Reductions in arousal through meditation or relaxation can be manifested in at least three ways; behaviorally, physiologically and through self-report.  Relaxation response based studies at the Mind/Body Medical Institute suggest that relaxation based techniques can reduce the nausea and fatigue associated with chemotherapy, decrease insomnia, ease hot flashes, and increase fertility in women with fertility problems. Studies by Benson and others have shown that meditation can lower blood pressure in hypertensive patients (18). Meditation may also be an effective complementary treatment for coronary artery disease (CAD). CAD patients practicing TM showed significant increase in exercise tolerance, maximal workload, and delay in the onset of ST-segment depression compared to controls. Dean Ornish’s programs on reversal of heart diseases include meditation as the central component (20).

Meditation has been effective in the treatment of chronic pain.  Chronic pain patients have reduced their physician visits by 36 percent

. Mindfulness meditation facilitated significant reduction in pain symptoms, psychologic pain and pain-related drug use. The reduction in pain with meditation may be attributed to the hypo-arousal and cultivation of detached and decreased attention to the cognitive-emotional alarm reactions to painful sensations. The emotional and cognitive components of the pain experience are lowered, in patients trained in meditation resulting in less suffering and distress (21,22).


A variety of exercises were developed for these patients who suffer from chronic obstructive pulmonary disease (COPD), including emphysema and cystic fibrosis. , These included practicing pranayama (a special breathing technique) and other yogic meditative technique. These patients have demonstrated fewer asthma attacks, less shortness of breath, and greater control over their breathing (23).



Psychologic and Cognitive Manifestations

Meditation can help reduce symptoms of anxiety and anxiety- related disorders (24).  Practitioners of all forms of relaxation, whether it be autogenic training, breathing, or Zen meditation, are essentially doing the same thing:  honing and refining their ability to attend to a limited stimulus; ceasing unnecessary goal-oriented and analytic activity; and tolerating and accepting experiences that may be uncertain, unfamiliar and paradoxical.

Spiritual Benefits of Meditation

When individuals practice meditation for over six to seven weeks, they observe a shift toward personal and spiritual growth. Many individuals who initially learn meditation for its self-regulatory aspects find that as their practice deepens, they are drawn more and more into the realm of the "spiritual." The daily development of spiritual integration involves such factors as competent self care, stress management, clarification of spiritual beliefs and the discipline of spiritually enhancing practices.  Being aware and respectful of one’s body by providing healthy food, exercise and rest supports the work of the physician. Meditation practices also gives one the power to change ones attitudes, beliefs, and therefore ones reaction in addition to making physical improvements.  Meditation practices influence physical, mental, social and spiritual well-being. Joan Borysenko and Deepak Chopra, pioneers in the mind-body connection, have observed in many cancer and AIDS patients that most are interested in meditation as a way of becoming more attuned to the spiritual dimension of life. Borysenko reports that many die "healed," in a state of compassionate self-awareness and self-acceptance (25,26).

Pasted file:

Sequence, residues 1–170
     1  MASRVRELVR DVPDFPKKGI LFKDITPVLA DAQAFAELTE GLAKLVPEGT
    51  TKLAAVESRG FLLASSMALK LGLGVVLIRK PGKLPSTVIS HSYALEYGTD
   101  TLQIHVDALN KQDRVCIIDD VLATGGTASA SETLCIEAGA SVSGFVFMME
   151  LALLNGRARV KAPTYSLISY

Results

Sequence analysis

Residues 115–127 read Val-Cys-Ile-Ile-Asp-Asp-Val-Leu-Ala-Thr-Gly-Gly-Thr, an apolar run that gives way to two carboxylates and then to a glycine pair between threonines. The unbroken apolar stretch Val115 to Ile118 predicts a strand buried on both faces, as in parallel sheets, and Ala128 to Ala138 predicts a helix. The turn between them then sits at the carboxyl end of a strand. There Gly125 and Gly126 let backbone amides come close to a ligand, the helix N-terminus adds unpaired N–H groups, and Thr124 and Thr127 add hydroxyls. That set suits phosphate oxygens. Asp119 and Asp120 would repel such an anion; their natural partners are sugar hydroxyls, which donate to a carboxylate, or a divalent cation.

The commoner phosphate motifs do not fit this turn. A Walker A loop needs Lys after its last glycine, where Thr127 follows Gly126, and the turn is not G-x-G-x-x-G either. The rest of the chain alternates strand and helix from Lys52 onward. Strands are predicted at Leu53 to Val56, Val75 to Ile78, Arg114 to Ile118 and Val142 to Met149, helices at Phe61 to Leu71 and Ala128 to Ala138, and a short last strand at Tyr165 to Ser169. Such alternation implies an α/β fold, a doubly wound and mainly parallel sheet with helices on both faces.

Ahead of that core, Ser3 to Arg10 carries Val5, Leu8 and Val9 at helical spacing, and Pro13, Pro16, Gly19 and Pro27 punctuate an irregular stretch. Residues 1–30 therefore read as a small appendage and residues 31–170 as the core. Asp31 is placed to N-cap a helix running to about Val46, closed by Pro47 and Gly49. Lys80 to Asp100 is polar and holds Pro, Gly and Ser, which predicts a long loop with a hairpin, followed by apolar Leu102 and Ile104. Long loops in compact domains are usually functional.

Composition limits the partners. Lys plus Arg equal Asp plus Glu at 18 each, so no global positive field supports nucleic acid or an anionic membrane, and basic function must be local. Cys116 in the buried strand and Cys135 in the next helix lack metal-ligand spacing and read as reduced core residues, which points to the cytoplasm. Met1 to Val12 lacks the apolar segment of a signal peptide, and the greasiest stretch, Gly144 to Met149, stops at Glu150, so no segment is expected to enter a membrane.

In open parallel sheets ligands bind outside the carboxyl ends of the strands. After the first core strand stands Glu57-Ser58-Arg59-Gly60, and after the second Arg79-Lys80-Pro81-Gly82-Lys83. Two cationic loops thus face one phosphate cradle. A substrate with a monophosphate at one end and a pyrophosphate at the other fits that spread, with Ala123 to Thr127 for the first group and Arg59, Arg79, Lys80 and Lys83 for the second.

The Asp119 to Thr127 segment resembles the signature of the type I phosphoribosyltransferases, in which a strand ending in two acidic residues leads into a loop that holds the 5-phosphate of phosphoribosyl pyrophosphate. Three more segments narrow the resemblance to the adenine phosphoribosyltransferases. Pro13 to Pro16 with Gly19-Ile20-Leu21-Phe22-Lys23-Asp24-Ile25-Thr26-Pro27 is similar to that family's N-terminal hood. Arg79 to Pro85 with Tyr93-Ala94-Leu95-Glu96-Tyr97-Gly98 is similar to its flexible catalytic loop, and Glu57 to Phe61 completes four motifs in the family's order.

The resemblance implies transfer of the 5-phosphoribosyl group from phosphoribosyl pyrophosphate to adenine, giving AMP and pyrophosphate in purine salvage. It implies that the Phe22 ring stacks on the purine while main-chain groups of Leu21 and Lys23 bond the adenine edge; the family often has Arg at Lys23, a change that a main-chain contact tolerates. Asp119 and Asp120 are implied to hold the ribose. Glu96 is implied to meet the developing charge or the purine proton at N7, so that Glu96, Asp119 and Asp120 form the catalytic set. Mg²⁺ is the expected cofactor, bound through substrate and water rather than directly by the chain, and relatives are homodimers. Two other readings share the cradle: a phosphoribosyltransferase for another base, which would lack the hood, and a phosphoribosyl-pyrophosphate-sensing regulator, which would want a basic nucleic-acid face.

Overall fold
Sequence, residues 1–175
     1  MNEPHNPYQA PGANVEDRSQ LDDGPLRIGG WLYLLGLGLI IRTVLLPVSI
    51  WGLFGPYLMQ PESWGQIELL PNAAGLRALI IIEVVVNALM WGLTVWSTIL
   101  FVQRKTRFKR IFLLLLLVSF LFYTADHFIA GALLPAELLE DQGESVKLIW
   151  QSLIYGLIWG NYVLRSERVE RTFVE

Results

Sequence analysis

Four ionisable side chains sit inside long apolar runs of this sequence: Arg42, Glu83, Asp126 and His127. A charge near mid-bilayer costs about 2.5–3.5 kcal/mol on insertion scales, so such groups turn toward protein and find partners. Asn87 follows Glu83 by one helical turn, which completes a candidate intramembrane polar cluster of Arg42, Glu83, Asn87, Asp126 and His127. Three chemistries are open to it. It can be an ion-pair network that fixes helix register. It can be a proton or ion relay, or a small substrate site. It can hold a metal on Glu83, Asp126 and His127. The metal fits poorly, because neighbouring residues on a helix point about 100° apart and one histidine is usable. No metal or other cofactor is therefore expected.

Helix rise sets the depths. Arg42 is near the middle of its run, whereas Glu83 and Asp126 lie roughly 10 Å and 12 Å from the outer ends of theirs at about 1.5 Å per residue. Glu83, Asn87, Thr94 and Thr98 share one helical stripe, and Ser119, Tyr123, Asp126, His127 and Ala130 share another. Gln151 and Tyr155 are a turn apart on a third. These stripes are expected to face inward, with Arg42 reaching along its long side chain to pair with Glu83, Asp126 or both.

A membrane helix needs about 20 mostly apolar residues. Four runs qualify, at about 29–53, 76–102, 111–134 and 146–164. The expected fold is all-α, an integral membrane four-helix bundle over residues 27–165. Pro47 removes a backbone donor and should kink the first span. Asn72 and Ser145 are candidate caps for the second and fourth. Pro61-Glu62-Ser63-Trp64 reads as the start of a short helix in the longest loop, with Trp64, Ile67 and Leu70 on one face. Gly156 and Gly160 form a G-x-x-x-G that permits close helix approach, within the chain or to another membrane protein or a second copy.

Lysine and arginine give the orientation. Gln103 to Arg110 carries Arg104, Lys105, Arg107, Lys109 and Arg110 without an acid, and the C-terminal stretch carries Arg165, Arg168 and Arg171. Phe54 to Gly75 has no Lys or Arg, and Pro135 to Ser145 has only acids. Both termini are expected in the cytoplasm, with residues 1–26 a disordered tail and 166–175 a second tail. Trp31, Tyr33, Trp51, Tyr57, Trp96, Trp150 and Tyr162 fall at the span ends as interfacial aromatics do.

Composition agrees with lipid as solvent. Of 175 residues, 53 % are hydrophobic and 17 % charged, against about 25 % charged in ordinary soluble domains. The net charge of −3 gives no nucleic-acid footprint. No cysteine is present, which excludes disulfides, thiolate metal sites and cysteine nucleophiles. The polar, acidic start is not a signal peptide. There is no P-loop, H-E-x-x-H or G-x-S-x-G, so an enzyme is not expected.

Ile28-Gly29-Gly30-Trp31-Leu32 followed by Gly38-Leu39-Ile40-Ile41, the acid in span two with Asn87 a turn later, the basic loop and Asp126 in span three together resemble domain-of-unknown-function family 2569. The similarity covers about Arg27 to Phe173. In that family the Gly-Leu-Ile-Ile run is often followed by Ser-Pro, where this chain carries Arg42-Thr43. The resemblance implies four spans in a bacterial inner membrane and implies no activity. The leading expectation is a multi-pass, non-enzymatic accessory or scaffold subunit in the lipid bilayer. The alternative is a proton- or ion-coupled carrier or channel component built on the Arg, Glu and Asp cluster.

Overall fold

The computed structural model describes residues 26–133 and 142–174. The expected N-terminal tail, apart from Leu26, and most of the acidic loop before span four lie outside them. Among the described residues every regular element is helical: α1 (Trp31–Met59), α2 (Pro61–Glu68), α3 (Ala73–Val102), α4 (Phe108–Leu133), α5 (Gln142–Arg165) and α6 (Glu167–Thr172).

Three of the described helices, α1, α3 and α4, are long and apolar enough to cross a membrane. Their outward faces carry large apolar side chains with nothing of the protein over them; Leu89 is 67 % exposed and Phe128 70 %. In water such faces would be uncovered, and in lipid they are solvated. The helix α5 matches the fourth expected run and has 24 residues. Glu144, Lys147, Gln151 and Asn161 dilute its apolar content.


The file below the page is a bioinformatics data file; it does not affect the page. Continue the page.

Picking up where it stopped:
Meditation: Myths and Misconceptions

There has been a false impression in Western society that meditation is connected to Eastern mysticism, that by practicing meditation one might be doing something against God, that meditation is somehow a sin.  It is true that meditation is embraced, professed and perfected in the East, but it can be found in all world religions, and it was this spiritual omnipresence that prompted Benson and Wallace to research it initially.


Prescription, Warnings and Precautions

It is recommended that concentrative meditation exercises should be avoided by individuals whose reality-testing function is poor, who are strongly paranoid, or who are likely to develop delusions of grandeur from the altered states of consciousness that these practices tend to produce. People with overwhelming anxiety should probably avoid insight meditations. Long periods of meditative practice (as in contemplative meditation) may precipitate psychotic episodes in susceptible individuals. Meditation practices may need to be closely monitored in patients with mental disorders. As emphasized throughout in complementary medicine, a patient’s health and well being encompasses more that just his or her physical health.  Consequently, in order to treat the physical maladies manifested by psychological stress, one must consider the impacts on the patients’ mental, social, and spiritual health.  Therefore, meditation and relaxation exercises are a valuable adjunct to our current therapies, and they are also useful as a preventive measure as these offer an appropriate solution that includes all aspects of health.  These exercises are effective, readily available, and have no side effects; yet, their incorporation into medical practice is slow. Merely studying meditation as with exercise, will not  produce the outcomes described here;  practice and experience are essential . Familiarity with the simplicity and practice of these exercises tends to clear up misunderstandings, thus demystifying them.  Probably the safest course for those in the healing professions is to experiment with meditation practices for themselves, and then share with clients and friends those they thoroughly understand. With all the advantages of meditation one of the challenges following the saying “time is money”, most people do not feel that they have time to meditate or relax. In this case the physicians could encourage the patients to consider the wisdom of Earl of Derby: “those who cannot find time for bodily exercise will sooner or later have to find time for illness.” (27)